Xavier generally spent every lunch peppering me with questions about FunJungle. The day that Vance came after me, we happened to be talking about Shark Odyssey, which was one of the more popular exhibits. It was a huge aquarium with a glass tunnel running through it, from which guests could watch sharks swimming all around them.
“Doesn’t that drive the sharks crazy?” Xavier wanted to know. “It must be like waving red meat in front of a bear.”
“Sharks don’t really eat humans,” I told him. “In fact, most attacks seem to be accidents. The sharks usually spit the humans back out after biting them.”
“I know,” Xavier said. “But still, they’re hunters, right? And now all these humans are moving right through their habitat. It must trigger some sort of primal instinct.”
I shook my head. “No. In the first place, the glass tunnel is lined with some kind of reflective surface, so the sharks can’t see the humans from inside. And even if they could, sharks don’t really hunt by sight. They hunt by smell—and by sensing vibrations in the water. You could drop a whole mannequin in the shark tank and the sharks probably wouldn’t even give it a second look.”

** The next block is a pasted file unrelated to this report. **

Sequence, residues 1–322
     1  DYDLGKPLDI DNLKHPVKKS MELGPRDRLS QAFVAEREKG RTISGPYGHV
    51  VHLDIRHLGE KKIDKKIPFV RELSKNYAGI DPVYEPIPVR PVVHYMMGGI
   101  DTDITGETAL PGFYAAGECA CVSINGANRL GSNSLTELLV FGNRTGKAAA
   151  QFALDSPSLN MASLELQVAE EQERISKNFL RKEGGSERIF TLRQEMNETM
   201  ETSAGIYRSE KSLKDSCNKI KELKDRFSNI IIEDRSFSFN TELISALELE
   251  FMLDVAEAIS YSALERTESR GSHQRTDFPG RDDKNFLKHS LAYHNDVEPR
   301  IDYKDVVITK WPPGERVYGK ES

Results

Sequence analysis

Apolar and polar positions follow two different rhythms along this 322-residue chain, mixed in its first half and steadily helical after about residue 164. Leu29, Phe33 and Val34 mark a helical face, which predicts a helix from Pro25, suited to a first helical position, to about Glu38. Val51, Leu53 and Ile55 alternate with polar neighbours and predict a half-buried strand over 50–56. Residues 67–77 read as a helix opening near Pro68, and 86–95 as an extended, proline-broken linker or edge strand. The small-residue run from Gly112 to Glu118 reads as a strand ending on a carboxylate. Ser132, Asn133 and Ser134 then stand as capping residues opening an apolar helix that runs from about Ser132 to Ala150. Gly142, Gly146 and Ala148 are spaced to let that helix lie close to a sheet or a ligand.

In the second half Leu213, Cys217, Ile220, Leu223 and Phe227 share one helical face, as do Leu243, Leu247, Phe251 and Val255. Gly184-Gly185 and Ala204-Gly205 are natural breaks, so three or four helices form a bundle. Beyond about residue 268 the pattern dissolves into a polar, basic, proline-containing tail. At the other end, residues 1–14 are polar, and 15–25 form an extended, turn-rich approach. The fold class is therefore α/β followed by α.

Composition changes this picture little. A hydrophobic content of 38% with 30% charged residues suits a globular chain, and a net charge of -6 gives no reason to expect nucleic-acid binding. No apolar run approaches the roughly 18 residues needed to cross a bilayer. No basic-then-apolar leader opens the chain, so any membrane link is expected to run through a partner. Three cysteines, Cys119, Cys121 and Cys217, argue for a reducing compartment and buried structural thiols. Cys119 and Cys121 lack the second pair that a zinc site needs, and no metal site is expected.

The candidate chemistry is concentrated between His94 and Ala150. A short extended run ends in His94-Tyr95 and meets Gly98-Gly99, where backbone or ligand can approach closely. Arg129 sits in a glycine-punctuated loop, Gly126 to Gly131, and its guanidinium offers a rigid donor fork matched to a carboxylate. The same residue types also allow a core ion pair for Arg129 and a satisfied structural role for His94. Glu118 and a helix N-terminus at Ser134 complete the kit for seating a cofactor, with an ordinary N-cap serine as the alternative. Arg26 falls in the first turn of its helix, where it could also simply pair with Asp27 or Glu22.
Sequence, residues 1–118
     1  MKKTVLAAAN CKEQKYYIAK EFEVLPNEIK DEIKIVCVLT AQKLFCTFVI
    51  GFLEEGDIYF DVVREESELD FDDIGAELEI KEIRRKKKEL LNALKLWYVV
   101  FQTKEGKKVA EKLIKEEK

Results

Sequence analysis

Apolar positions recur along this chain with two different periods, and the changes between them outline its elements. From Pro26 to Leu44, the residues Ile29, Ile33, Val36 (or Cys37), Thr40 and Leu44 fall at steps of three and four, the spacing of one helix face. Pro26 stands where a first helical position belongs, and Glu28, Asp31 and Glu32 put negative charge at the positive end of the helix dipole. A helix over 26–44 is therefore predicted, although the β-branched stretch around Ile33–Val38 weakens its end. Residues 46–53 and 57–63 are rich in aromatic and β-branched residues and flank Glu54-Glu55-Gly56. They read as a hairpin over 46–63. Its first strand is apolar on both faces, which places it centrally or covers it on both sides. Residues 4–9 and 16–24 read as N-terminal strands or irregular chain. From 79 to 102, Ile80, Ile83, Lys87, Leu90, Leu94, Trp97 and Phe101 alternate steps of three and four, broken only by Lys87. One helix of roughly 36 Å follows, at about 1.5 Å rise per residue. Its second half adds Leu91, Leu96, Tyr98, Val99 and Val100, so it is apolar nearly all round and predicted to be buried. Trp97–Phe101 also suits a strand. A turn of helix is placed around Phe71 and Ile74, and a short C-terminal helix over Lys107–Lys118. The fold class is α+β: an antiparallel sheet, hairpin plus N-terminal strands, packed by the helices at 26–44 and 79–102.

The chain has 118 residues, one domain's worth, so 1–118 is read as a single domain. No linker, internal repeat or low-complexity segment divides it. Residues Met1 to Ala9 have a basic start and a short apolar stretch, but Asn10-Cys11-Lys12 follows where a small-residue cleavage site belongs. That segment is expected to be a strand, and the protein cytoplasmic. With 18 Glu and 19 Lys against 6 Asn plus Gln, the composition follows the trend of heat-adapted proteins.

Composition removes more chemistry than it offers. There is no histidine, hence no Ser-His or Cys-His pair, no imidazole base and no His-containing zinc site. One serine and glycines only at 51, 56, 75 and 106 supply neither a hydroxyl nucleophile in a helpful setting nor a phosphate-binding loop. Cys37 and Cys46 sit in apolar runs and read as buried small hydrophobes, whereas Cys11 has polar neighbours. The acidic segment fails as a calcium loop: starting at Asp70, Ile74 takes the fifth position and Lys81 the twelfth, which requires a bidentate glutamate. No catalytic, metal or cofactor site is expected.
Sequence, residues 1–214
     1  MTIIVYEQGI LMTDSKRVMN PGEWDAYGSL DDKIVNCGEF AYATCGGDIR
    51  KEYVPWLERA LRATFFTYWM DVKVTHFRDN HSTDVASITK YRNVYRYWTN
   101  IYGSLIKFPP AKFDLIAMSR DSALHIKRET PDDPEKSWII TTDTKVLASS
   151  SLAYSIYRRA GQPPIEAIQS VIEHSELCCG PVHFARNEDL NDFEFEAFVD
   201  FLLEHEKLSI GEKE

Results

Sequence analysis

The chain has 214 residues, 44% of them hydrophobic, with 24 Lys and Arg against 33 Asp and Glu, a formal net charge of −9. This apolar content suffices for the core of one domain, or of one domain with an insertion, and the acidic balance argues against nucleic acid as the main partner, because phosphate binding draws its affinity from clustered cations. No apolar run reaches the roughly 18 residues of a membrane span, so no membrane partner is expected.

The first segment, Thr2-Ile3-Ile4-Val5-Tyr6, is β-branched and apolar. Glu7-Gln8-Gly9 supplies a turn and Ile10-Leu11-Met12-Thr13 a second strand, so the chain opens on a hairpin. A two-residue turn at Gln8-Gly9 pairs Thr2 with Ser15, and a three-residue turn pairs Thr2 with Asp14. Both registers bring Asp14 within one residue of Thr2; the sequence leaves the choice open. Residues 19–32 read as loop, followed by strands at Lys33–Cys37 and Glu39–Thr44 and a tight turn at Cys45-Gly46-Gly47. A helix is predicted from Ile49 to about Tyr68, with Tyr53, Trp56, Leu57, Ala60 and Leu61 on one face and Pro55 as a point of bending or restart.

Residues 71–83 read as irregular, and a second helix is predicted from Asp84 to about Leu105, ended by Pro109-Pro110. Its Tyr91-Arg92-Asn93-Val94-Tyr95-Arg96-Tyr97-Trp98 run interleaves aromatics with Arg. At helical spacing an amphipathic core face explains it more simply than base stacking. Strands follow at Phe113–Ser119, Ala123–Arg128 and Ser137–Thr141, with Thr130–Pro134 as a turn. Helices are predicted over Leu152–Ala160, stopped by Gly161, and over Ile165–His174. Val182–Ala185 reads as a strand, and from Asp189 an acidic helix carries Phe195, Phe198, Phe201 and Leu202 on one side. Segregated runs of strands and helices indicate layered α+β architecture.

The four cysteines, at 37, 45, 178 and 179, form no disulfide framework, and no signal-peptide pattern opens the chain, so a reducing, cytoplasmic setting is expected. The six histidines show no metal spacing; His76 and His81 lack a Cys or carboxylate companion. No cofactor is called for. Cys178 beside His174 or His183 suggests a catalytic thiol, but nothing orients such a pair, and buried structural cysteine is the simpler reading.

“I bet it’d freak the guests out, though,” Xavier laughed.
“Yeah,” I agreed. “It would be pretty funny.”
Xavier stopped laughing at that point, which I should have taken as a sign that something was wrong, but I was too caught up thinking about the prank. I kept rambling on, unaware that Vance Jessup was bearing down on me. “Know what would really freak the guests out? If you only put part of a mannequin in the tank. Like just an arm. So it’d look like the sharks had already eaten the rest. That would be hilarious.”